March 20, 2012
My native state of Georgia is making headlines across the nation. But it’s certainly nothing residence of that state would want to brag about. In fact, most would probably prefer not even talking about it.
Georgia law books are chock-full of statutes written to curtail undue influence on political activity and public policy.
So utilities and insurance companies can’t give to a candidate seeking an office that regulates them. Legislators can’t take political donations while in session. Politicians can’t use campaign money for personal benefit. State workers can’t accept gifts from vendors or lobbyists.
Except when they can.
Here’s the irony in all this. Democrats controlled the governor’s office and state legislature for more than one hundred years. During that time Republicans lamented Democrats for such corruption and, on many occasions, called on Democrats to clean up corruption in that state. But they were ignored. Then in 2003 Republicans took over the governor’s office and state Senate. Evidently the word “corruption” hasn’t been mentioned since. In fact, former House GOP leader Bob Irvin said in 2010 testimony before a legislative ethics panel “Ethics was part of our core creed for 30 years. It was our core creed, it seems, until we took over.”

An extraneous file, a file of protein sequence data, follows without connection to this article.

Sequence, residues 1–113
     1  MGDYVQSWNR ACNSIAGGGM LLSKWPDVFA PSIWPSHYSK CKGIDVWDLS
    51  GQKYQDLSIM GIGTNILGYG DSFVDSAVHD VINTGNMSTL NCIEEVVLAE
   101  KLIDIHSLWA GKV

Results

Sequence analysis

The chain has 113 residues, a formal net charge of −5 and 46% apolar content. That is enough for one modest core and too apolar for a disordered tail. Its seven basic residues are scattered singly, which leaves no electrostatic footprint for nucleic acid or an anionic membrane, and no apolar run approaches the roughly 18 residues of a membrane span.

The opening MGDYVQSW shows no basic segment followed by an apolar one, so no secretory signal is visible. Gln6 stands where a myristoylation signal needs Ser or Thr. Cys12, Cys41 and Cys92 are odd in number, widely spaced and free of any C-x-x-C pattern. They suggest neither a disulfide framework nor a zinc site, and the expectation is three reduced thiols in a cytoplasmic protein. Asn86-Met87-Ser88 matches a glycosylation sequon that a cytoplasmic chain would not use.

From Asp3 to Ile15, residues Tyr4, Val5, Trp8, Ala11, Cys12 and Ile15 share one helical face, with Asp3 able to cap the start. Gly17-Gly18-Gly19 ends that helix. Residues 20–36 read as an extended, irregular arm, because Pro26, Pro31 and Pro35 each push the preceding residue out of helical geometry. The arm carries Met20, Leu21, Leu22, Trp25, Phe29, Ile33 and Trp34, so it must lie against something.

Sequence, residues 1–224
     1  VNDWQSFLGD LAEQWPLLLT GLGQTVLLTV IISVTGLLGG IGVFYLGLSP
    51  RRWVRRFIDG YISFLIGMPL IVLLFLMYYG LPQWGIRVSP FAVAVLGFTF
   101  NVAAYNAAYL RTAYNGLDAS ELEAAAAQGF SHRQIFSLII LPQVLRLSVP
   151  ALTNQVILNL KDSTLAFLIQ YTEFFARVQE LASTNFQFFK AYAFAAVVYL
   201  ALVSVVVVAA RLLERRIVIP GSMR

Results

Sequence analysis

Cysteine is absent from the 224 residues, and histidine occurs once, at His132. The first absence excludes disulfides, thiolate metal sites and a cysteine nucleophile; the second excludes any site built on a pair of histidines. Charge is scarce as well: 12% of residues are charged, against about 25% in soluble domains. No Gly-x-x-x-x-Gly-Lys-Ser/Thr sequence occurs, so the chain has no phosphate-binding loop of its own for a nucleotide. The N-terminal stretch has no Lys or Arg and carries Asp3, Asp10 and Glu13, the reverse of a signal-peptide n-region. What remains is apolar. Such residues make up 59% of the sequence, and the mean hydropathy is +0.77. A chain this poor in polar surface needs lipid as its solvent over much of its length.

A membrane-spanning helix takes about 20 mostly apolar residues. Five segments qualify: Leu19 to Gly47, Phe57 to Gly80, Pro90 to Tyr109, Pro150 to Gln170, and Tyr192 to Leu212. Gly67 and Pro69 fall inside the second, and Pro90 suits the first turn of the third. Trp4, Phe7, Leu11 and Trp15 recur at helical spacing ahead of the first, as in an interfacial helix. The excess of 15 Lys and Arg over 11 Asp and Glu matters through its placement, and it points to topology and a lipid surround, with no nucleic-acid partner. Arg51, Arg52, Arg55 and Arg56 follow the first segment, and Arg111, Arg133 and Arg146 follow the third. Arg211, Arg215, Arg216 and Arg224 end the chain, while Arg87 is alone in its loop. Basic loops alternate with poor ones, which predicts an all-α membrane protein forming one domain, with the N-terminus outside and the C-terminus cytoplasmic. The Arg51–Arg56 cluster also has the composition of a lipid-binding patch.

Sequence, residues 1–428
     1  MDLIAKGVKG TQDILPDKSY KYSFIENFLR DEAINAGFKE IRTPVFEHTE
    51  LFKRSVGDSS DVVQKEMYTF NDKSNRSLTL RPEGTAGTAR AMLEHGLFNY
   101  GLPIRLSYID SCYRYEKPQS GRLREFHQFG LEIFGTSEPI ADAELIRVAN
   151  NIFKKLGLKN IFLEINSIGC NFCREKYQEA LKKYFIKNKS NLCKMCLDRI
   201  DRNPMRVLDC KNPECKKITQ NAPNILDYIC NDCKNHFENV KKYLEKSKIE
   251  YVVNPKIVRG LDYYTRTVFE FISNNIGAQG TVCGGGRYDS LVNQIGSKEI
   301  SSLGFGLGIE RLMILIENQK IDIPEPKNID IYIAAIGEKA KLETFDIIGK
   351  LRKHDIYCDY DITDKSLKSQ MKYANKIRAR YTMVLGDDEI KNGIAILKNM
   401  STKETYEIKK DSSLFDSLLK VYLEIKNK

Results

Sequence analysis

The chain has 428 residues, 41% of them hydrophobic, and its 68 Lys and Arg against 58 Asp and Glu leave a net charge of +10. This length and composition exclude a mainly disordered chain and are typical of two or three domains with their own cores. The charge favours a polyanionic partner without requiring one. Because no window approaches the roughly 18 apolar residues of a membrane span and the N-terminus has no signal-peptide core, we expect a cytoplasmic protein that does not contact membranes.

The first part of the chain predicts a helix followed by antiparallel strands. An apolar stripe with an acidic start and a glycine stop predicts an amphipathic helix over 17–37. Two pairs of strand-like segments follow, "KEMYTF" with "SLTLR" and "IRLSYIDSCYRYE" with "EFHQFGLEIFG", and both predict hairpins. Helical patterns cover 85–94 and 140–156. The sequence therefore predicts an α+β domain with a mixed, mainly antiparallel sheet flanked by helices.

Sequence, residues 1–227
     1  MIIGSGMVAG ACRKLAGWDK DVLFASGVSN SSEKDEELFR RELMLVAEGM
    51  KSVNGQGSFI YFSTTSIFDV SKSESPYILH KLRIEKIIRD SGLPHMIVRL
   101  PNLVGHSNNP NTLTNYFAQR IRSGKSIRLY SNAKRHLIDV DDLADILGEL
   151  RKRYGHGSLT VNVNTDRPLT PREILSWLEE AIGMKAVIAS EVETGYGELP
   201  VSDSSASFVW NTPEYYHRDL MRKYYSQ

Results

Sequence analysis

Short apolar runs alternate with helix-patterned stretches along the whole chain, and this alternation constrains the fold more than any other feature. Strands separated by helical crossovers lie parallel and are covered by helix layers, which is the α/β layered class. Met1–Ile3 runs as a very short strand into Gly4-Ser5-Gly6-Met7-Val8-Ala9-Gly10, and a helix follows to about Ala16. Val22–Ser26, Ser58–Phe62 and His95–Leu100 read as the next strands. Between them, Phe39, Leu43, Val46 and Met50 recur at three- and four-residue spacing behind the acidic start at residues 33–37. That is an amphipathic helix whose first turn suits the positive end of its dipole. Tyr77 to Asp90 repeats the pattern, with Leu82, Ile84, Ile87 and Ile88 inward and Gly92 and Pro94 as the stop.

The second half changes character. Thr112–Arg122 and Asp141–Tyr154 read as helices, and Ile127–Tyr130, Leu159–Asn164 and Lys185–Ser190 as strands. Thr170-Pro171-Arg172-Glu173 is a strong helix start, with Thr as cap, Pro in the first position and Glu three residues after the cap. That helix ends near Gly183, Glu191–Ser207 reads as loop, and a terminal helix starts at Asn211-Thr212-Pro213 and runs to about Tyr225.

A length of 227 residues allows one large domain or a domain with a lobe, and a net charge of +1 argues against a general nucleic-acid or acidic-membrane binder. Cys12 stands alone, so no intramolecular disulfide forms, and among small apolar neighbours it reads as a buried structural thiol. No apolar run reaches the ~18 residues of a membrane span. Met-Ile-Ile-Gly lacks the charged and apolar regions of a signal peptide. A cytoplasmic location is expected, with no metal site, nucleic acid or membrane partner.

To see where your state ranks for corruption, visit Grading the nation: How accountable is your state? Scroll down to the second map and roll over your state for the grade.
Never underestimate the difficulty of changing false beliefs [with] facts.
Economist Henry Rosovsky